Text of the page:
“My lower back hurts.”
How often have you heard someone say that? I’d guess a lot of the time.
I would estimate that 95% of this could be fixed if people learned how to move their hips the right way.
The Hip Hinge is Everywhere
A simple task such as bending down to get your groceries involves the necessity to hinge at your hips. Although this is the desired pattern of movement we want, it isn’t quite always what we get.
If we were to take a poll and ask 10 people what should move first when they were to sit down in a chair, I can guarantee you that we would get 9 people saying that the knees should bend first. That’s wrong.
I think this is very important to note, not because of the misguided and miseducated notion on what should bend first, but more along the lines of people simply not having enough awareness of their body. That’s a monumental gap missing in today’s society. People just simply don’t know how their body should move.
We need to fix that.
I think a great start would be learning the hip hinge pattern first, since it’s one of the most visited movements in life, regardless of age, activity level and lifestyle.
When you’re about to sit down in a chair, think of your hips as the drivers and your knees as the passengers: your hips initiate the movement and act as the primary movers here, while your knees act as the secondary movers in the movement and come along for the ride.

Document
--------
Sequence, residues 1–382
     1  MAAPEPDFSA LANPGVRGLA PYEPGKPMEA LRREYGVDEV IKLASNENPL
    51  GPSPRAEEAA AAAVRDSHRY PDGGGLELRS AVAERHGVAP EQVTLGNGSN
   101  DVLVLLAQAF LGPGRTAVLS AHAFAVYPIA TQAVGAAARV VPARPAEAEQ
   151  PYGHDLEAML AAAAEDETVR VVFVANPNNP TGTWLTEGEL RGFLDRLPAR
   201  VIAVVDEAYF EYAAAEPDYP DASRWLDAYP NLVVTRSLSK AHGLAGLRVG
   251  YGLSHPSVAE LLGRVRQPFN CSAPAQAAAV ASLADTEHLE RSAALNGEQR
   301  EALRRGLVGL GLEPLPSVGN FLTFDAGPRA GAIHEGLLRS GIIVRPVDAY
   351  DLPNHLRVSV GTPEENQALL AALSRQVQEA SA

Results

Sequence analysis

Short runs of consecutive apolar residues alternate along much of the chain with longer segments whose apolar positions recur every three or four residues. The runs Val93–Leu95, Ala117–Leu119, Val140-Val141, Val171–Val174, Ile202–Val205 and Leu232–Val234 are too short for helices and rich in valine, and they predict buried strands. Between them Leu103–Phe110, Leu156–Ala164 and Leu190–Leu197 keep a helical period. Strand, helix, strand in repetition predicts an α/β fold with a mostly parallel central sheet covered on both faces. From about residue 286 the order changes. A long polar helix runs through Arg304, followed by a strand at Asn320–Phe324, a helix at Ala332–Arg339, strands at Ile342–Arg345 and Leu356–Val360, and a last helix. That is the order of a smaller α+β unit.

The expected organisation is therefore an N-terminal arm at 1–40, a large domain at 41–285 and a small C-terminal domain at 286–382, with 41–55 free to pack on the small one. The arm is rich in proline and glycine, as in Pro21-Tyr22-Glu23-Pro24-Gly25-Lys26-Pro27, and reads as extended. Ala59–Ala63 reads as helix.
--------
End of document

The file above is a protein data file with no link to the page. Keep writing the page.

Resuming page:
Although sitting down in a chair is a start, we can also see the hip hinge in many other aspects in life. The hinge occurs in plenty of daily life activities (i.e., bending down to garden the flowers, bending down to pick up your child, etc.) and also quite often in the gym and performance setting (i.e., broad jump, box jump, deadlift, squat, etc.).
The important fact is that being able to properly hinge at your hips is vital not only to your performance levels, but also in staying injury-free and maintaining long-term health of your spine and major surrounding joints.
Before you go pulling away at a super heavy set of deadlifts at your local gym after getting “lift-happy” from reading the newest subscription from Men’s Health Magazine and what the newest ‘fad’ is, take a moment to stop and learn.
It doesn’t make any sense, nor does it do your body any good to add external resistance to a moving part that cannot and does not function properly.
There’s a progression line that needs to be adhered to if you’re going to be successful in any movement in life, and not just necessarily at the gym.
Learning a movement in its most basic format is superior to every other step along the way. If you haven’t learned the basics first, then you’re simply not ready to graduate to the next step. It’s imperative for you to familiarize yourself with the position and the pattern first and foremost.